Anna Holmes on the other hand offers a few complaints 1) you can’t browse an eBook like you can a physical book 2) the progress tracking on the Kindle annoys her 3) an eBook can’t be a social signal for the wider world.

Not much you can do about #1. If you like to flip through a book sampling pages there is no direct equivalent in the electronic version.  Although you can get a sample sent to you and you could browse the highlights of other readers online.

I find #2 actually enjoyable. I like to know how far I have to go in a book whether in terms of time reading or percentage of the book, etc.  And this seem rather silly as you can turn off the progress function so it is little more than some tiny dots on the bottom of the page. Not much different that glancing at how far you are in a book based on your bookmaker.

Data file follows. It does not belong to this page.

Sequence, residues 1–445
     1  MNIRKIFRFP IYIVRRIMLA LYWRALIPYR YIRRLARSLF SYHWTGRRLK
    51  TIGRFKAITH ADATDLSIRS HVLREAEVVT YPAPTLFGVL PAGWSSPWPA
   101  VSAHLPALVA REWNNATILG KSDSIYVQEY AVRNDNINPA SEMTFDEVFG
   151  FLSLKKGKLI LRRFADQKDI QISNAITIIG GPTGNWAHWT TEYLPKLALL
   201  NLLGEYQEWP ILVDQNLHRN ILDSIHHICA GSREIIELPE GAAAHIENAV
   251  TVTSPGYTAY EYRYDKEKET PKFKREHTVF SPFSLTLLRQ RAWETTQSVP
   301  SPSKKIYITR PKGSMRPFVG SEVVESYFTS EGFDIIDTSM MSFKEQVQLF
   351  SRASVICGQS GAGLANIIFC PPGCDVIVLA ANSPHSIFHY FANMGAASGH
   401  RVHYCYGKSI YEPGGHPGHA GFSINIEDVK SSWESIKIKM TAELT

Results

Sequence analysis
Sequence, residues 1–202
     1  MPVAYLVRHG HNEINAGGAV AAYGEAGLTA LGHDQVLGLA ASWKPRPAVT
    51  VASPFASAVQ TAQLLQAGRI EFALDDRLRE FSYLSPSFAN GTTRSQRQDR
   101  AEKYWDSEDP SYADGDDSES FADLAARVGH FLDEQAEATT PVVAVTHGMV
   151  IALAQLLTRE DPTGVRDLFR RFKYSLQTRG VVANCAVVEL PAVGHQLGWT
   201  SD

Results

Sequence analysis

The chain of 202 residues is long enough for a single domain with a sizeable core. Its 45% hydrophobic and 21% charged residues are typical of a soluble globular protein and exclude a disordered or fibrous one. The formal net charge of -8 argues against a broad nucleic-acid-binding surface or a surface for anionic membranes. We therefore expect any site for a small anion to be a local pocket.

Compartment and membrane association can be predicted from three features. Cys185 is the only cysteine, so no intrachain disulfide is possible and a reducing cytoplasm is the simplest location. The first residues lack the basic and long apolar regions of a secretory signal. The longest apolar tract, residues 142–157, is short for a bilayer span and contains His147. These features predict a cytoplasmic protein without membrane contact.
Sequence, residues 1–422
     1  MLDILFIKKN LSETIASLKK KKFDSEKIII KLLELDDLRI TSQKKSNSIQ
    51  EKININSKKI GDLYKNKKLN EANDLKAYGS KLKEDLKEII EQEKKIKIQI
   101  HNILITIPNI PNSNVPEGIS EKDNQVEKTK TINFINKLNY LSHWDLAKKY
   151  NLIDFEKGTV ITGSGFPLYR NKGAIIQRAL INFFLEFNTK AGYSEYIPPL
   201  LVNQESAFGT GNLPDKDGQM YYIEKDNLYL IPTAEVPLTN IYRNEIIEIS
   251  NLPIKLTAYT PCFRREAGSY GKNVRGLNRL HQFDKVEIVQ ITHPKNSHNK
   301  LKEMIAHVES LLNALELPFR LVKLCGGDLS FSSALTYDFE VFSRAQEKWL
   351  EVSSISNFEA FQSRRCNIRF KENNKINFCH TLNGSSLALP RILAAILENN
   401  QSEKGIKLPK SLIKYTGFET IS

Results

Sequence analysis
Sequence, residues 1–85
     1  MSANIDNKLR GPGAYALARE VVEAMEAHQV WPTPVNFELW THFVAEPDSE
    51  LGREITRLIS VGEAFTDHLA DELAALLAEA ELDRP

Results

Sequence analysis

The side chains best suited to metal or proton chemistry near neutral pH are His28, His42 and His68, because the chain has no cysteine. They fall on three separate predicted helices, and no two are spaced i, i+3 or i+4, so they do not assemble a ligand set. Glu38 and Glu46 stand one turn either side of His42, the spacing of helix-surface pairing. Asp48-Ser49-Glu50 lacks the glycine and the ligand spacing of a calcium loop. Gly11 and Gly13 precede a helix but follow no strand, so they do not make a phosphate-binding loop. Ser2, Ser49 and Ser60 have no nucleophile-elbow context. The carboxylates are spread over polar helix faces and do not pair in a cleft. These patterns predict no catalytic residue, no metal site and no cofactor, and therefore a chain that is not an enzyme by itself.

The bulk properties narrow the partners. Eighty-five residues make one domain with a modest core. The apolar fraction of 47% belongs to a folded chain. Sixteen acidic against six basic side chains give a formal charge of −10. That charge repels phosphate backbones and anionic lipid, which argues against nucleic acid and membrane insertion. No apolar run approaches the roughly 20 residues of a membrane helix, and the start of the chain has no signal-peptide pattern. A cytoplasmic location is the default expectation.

It is the third point that strikes me as rather bizarre.  Does Holmes really want to be able to see what everyone is reading in public so she can make judgments about what that says about the person?  She wants to be able to see what book you are reading so she can add that to the social status and personality clues given by your choices in clothes, hairstyle, etc.? Oh…Kay….

As I have noted before when discussing technology and books, there are plenty of books for which technology is not an equal substitute.  I love books that are well packaged and beautifully illustrated; books that are an aesthetic experience.

Art books, illustrated children’s books, chapter books and other books for young people all have elements that ereaders or tablets just can’t match (although the technology has improved greatly obviously).  I love these books and seek them out at the library and share them with my family (and buy them when I can).